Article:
Perhaps expectedly, it was a slow week for East Coast biotech as many took a deep breath following the JP Morgan madness. But if the crowding IPO queue is any indication, things are about to heat up in the coming weeks. In the meantime, here’s a roundup of all the local headlines, including some Xconomy specials:
—Survival in biotech often calls for reinvention, and Watertown, MA-based Enanta Pharmaceuticals (NASDAQ: ENTA) is no exception. Though the company is best known now as AbbVie’s partner in a big program for hepatitis C treatments, it wasn’t that long ago that Enanta was the owner of a floundering peptide-altering technology that didn’t turn into a viable business. I spoke with president and CEO Jay Luly recently about the key strategic decisions that turned Enanta around, enabling it to survive and ultimately go public in 2013.
—This week we announced our latest East Coast biotech event, which we’re calling “New York’s Life Science Disruptors,” an interactive discussion with some of the key movers in the local biotech scene like Marc Tessier-Lavigne (Rockefeller University), George Golumbeski (Celgene), and Francois Nader (NPS Pharmaceuticals). It’ll take place at the Apella event space at the Alexandria Center for Life Sciences on March 6. You can take advantage of the early bird rate if you grab a ticket before Feb. 6.
—Waltham, MA-based Repligen (NASDAQ: RGEN) continued its overhaul from a drug developer to a bioprocessing company this week, agreeing to sell a group of preclinical histone deacetylase inhibitors, or HDACs, to Novato, CA-based BioMarin (NASDAQ: BMRN). Repligen got just $2 million up front, but could receive another $162 million in milestone payments if those HDACs ever make it through clinical testing and are approved by regulators. Repligen had been developing an HDAC to target Friedreich’s ataxia, a rare, inherited nervous-system disorder. BioMarin aims to continue the effort.
—The Robertson Foundation, formed by former hedge fund manager Julian Robertson, has given New York’s Rockefeller University a $25 million gift to develop drug discovery projects. The gift will allow for the creation of the Robertson Therapeutic Development Fund, which gives Rockefeller the ability to award grants of between $10,000 and $1 million apiece to drug and diagnostic projects it picks out to develop.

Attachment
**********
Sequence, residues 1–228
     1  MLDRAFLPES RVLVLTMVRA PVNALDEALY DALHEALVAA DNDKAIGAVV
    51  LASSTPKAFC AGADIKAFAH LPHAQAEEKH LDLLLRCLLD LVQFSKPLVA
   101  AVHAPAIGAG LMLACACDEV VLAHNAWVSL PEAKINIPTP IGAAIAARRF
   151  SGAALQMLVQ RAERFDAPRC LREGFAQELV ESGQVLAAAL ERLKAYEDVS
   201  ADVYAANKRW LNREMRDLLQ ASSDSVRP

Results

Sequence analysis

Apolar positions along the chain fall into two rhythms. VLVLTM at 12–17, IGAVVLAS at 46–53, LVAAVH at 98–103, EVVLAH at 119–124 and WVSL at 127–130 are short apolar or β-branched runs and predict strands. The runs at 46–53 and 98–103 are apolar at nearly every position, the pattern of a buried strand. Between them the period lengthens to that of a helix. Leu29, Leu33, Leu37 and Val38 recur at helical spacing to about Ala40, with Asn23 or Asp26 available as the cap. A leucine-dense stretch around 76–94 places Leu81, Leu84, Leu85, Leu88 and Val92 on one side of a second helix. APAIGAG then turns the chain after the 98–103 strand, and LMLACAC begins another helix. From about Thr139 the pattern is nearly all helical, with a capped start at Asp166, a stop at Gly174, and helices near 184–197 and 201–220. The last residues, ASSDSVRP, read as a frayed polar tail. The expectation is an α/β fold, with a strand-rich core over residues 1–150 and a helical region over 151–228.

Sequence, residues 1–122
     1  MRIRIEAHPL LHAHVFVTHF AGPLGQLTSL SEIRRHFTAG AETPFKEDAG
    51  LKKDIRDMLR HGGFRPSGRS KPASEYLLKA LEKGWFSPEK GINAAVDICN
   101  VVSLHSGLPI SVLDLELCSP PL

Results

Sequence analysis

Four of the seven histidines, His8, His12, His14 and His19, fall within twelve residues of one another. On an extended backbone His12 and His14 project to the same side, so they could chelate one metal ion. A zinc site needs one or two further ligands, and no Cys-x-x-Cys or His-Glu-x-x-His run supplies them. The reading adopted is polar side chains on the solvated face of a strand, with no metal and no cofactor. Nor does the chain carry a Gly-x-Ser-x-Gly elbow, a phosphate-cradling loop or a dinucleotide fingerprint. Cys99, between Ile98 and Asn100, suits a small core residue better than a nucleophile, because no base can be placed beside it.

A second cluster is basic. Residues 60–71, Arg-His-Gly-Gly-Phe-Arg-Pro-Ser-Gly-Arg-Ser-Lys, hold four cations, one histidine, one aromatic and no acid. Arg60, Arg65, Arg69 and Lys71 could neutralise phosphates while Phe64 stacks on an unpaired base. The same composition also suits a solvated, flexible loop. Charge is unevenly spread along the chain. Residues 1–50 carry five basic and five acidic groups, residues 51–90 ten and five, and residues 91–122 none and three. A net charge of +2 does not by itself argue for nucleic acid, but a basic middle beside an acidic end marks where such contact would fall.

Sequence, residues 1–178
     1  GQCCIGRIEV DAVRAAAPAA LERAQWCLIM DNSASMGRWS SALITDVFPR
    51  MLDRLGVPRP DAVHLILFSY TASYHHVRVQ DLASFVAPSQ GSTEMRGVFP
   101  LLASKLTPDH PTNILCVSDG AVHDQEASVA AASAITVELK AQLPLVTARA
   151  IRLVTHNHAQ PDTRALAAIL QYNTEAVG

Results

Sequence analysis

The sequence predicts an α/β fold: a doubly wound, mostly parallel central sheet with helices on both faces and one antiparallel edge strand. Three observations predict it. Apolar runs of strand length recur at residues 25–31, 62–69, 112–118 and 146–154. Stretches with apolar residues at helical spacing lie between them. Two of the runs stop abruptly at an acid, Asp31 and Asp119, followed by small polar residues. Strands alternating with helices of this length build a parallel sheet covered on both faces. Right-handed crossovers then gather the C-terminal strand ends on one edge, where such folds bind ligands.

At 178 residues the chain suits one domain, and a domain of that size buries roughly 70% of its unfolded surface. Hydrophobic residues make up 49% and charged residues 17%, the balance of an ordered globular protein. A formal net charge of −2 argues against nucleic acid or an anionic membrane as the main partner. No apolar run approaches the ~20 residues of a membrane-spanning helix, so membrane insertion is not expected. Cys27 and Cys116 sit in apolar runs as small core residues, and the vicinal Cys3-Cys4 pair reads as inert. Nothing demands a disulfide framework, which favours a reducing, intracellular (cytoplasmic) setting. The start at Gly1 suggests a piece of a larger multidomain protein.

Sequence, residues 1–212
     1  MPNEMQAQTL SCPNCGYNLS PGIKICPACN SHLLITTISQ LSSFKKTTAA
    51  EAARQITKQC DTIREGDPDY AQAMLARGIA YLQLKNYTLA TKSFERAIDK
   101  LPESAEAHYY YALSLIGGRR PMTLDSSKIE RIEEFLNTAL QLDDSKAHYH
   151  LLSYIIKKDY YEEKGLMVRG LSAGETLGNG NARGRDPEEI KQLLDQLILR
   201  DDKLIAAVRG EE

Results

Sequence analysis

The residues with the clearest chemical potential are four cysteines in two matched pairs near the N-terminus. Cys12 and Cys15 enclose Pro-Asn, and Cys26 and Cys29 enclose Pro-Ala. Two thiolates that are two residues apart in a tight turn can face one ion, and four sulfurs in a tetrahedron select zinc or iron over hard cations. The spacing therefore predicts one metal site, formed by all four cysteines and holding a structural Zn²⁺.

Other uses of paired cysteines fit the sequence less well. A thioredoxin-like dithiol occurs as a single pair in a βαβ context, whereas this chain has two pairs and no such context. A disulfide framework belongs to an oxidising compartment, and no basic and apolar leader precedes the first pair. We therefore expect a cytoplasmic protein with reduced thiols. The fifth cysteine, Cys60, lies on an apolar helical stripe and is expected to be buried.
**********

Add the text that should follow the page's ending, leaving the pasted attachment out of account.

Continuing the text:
—A committee of the European Medicines Agency on Friday shot down South Plainfield, NJ-based PTC Therapeutics’ (NASDAQ: PTCT) request for conditional approval of its Duchenne Muscular Dystrophy drug, ataluren, in Europe. Shares plummeted more than 20 percent in pre-market trading.
—The FDA this week rejected Waltham, MA-based Amag Pharmaceuticals’ (NASDAQ: AMAG) attempt to expand the use of its anemia drug ferumoxytol (Feraheme). Amag had been hoping to be able to sell the drug to all patients with iron deficiency anemia that have failed prior treatment with oral iron. It’s currently approved for people with chronic kidney disease. The FDA, however, said that Amag hasn’t provided enough information, and suggested it run another trial. Shares fell about 5 percent following the news.
—Novartis announced that it plans to close its plant in Suffern, NY, which, the Journal News reported, will affect 525 local jobs. Novartis will begin the process in the second quarter, and wrap it up in either 2016 or 2017, according to the report.
—Investors walloped Bedminster, NJ-based Amarin (NASDAQ: AMRN) once again after the FDA rejected the company’s appeal to expand approval of its fish oil pill into patients with mixed dyslipidemia. Shares plummeted another 25 percent following the news.
—Marlborough, MA-based Advanced Cell Technology (OTCBB: ACTC) this week said that CEO Gary Rabin, who has headed the company since 2010, is out “effective immediately.” Advanced Cell didn’t give any reason for Rabin’s sudden departure, only saying that Edward Myles, its current current CFO and executive vice president of corporate development, would step in as president while the company searches for a new full-time CEO. But the Boston Business Journal noted that the Securities and Exchange Commission is investigating share sales Rabin made between 2011 and 2013 without officially reporting them.
—Cambridge, MA-based Ironwood Pharmaceuticals (NASDAQ: IRWD) reported its first full year of sales for its first marketed drug, linaclotide (Linzess), and the numbers came in at about $119 million. The drug has generated about $138 million since Ironwood and partner Forest Laboratories began selling it in September 2012. Sales of linaclotide jumped about 48 percent over the last quarter. Shares, in turn, spiked about 15 percent.
—Watertown-based EnVivo Pharmaceuticals began a 26-week Phase III trial for its experimental drug, EVP-6124, in patients with Alzheimer’s Disease. I profiled EnVivo, and its new CEO Deborah Dunsire, back in July. Steve Dickman also wrote a guest editorial on the company.